It’s hard to believe a houseplant could harm a tough cookie like the Woytek family’s Lab mix, Amber. A survivor of Hurricane Ike, the young pup was diagnosed with distemper in the months after her adoption from the Houston SPCA in September 2008. But according to Laurie Woytek, Amber defeated the often fatal virus—and went on to form a tight bond with her canine “sister” and partner-in-crime, Scout, a one-year-old Rhodesian ridgeback mix.
Early last month, Laurie discovered that Amber had eaten parts of a sago palm plant. Sago palm—with its dark green leaves and hairy trunk—has become a popular houseplant in recent years, but unbeknownst to many green-thumbed pet parents, it’s also highly toxic to cats and dogs.
Immediately ill, Amber was hospitalized at a nearby emergency clinic. Says Laurie, “I was very scared, but thought, ‘She’s tough—she’ll make it through.’” After several days in the hospital, the emergency veterinarian delivered the heartbreaking news to the Woyteks—Amber had developed jaundice and life-threatening liver failure.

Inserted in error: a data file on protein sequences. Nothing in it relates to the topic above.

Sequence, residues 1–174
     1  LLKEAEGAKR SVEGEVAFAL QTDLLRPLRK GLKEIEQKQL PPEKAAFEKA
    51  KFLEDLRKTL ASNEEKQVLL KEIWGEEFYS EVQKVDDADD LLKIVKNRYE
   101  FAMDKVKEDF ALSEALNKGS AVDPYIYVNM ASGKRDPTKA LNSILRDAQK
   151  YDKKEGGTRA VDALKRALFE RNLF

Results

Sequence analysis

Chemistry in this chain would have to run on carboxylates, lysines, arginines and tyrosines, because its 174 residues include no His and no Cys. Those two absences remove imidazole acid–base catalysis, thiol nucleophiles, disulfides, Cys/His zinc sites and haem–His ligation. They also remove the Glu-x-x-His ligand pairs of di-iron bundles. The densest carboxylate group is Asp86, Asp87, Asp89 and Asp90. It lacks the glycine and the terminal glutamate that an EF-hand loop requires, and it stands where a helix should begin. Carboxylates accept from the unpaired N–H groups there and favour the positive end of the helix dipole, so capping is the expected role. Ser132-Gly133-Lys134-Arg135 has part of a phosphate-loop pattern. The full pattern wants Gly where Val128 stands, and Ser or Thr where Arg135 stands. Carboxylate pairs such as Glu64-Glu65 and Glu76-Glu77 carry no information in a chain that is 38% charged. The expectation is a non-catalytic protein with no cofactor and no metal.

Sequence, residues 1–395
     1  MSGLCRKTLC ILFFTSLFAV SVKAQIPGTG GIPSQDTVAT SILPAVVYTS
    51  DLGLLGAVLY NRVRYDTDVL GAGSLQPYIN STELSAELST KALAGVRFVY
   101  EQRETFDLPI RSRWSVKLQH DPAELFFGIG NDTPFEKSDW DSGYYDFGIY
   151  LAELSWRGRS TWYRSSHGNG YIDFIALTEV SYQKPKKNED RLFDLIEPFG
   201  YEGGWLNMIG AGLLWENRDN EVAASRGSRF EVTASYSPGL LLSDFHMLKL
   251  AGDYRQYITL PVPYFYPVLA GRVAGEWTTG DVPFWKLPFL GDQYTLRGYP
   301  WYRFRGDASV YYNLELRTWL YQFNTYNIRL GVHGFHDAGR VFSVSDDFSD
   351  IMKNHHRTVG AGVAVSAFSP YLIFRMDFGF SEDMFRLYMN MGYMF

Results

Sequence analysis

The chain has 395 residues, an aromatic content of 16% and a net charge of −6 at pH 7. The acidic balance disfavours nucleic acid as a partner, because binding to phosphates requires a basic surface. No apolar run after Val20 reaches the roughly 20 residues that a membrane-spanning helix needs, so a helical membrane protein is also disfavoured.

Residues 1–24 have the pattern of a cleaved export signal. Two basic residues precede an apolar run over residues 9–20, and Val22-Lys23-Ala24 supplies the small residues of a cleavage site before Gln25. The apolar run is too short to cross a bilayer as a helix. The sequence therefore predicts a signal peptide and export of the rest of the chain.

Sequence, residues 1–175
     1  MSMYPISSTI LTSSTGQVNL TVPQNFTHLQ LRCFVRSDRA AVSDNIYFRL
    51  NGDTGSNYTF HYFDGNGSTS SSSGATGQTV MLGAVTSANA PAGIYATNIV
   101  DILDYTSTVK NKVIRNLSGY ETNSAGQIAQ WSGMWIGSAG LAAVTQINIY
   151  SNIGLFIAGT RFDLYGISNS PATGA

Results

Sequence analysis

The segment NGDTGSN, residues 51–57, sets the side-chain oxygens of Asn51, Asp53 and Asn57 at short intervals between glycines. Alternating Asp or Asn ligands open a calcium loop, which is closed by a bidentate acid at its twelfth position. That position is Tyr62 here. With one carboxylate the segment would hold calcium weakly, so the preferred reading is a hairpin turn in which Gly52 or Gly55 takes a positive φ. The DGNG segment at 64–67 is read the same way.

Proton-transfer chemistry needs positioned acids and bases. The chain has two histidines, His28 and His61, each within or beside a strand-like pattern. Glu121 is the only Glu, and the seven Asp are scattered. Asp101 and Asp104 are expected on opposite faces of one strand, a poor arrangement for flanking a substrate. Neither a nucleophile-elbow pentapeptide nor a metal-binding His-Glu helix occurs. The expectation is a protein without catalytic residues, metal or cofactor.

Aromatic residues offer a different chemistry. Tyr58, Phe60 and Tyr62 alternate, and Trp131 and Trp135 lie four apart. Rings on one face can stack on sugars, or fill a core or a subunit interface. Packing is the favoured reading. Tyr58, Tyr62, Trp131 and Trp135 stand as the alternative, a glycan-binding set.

“We took Amber to our regular veterinarian to discuss our options with him,” explains Laurie. “She suffered seizures in the car on the way, and we ultimately made the very difficult, yet humane decision to let her go.”
Sadly, Amber’s story is all too common. Since 2003, the ASPCA has seen an increase by more than 200 percent of sago palm and cycad poisonings, and 50 to 75 percent of those ingestions resulted in fatalities. According to Dr. Sharon Gwaltney-Brant, veterinary toxicologist and vice president of the ASPCA Animal Poison Control Center, all parts of the plant are toxic, not just the seeds or nuts, and common signs of ingestion include vomiting, diarrhea, weakness, depression, seizures and liver failure.
Before the Woytek family said their final goodbyes to Amber, they took her home to see her best buddy, Scout. “As Amber lay still on the floor, Scout kept nudging her as if to say, ‘C’mon, get up,’” Laurie says. “They weren’t just ’sissies’—as we referred to them—they were best friends.”
“It was the hardest thing I’ve ever had to do,” reflects Laurie. “Amber is truly missed and will forever be in our hearts. She was our little princess.”
In memory of Amber, and to mark the end of National Poison Prevention Week, March 15-21, the ASPCA reminds all pet parents to stay informed about protecting pets from accidental poisonings. Please read our poison prevention tips online.